Vice President Pence calls for release of
jailed Reuters journalists
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[September 05, 2018]
By Makini Brice and Matt Spetalnick
WASHINGTON (Reuters) - U.S. Vice President
Mike Pence on Tuesday called on Myanmar's government to reverse a court
ruling that imprisoned two Reuters journalists for seven years and to
release them immediately.
The journalists were found guilty on Monday on official secrets charges
in a landmark case seen as a test of progress toward democracy in
Myanmar, which was ruled by a military junta until 2011.
Wa Lone, 32, and Kyaw Soe Oo, 28, were investigating the killing by
security forces of Rohingya villagers at the time of their arrest last
December, and had pleaded not guilty.
"Wa Lone & Kyaw Soe Oo shd be commended—not imprisoned—for their work
exposing human rights violations & mass killings. Freedom of religion &
freedom of the press are essential to a strong democracy," Pence wrote
Pence is the most senior U.S. official to add his voice to an
international outcry against the verdict by a Myanmar judge, who said
the two had breached the colonial-era Official Secrets Act when they
collected and obtained confidential documents.
In Yangon earlier on Tuesday, the wives of two journalists insisted that
the men were innocent and called for them to be reunited with their
"Deeply troubled by the Burmese court ruling sentencing 2 @Reuters
journalists to 7 years in jail for doing their job reporting on the
atrocities being committed on the Rohingya people," Pence wrote in
U.S. ambassador to the United Nations Nikki Haley said on Tuesday that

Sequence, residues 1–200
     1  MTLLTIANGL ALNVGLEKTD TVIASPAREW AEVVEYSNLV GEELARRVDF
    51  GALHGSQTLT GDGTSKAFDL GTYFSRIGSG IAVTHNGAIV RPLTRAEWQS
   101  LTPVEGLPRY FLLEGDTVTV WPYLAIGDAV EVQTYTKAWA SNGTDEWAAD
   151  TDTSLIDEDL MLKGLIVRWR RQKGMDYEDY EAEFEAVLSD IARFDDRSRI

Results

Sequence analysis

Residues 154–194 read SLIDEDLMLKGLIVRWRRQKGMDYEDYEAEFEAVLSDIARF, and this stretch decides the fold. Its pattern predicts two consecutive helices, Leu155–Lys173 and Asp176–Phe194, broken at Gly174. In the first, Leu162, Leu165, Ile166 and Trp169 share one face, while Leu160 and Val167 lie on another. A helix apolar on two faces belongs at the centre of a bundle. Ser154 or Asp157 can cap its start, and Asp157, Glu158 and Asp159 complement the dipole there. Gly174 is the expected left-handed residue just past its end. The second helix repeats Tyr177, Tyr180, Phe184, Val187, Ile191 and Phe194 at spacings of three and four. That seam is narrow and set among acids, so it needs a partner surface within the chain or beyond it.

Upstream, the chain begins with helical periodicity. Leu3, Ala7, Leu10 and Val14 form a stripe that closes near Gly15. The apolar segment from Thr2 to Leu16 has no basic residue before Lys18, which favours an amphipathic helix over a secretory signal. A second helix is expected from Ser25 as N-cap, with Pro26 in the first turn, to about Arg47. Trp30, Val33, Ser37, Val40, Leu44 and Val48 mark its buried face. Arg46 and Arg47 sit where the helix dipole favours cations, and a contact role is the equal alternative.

the United States would become more vocal about the two journalists'
Speaking at a news conference in New York marking the U.S. assumption of
the rotating chairmanship of the Security Council for September, Haley
said the reporters were "in prison for telling the truth."
Mark Green, administrator for the U.S. Agency for International
Development, said "these convictions are an enormous setback for
democracy and the rule of law in Burma."
The verdict came amid mounting pressure on the government of Nobel
laureate Aung San Suu Kyi over a security crackdown sparked by attacks
by Rohingya Muslim insurgents on security forces in Rakhine State in
west Myanmar in August 2017.
[to top of second column]
U.S. Vice President Mike Pence speaks at the National World War II
museum in New Orleans, Louisiana, U.S. August 23, 2018.
More than 700,000 stateless Rohingya Muslims have fled into
Bangladesh since then, according to U.N. agencies. The Rohingya, who
regard themselves as native to Rakhine, are widely considered as
interlopers by the country's Buddhist majority and are denied
citizenship.Neither Suu Kyi nor her government have commented
publicly on the case since the reporters were convicted.
The journalists were arrested on Dec. 12 while investigating the
killing of 10 Rohingya men and boys and other abuses involving
soldiers and police in the village of Inn Din.
Myanmar has denied allegations of atrocities against Rohingya by its
security forces, saying it conducted a legitimate counterinsurgency
operation against Muslim militants.
The military acknowledged the killing of the 10 Rohingya at Inn Din
after arresting the Reuters reporters.
A U.N mandated fact-finding mission said last week that Myanmar's
military carried out mass killings and gang rapes of Muslim Rohingya
with "genocidal intent" and called for top generals to be
prosecuted. Myanmar rejected the findings.
The International Criminal Court is considering whether it has
jurisdiction over events in Rakhine, while the United States, the
European Union and Canada have sanctioned Myanmar military and
police officers over the crackdown.
(Additional reporting by Michelle Nichols at the United Nations;
Editing by Eric Beech, Toni Reinhold)
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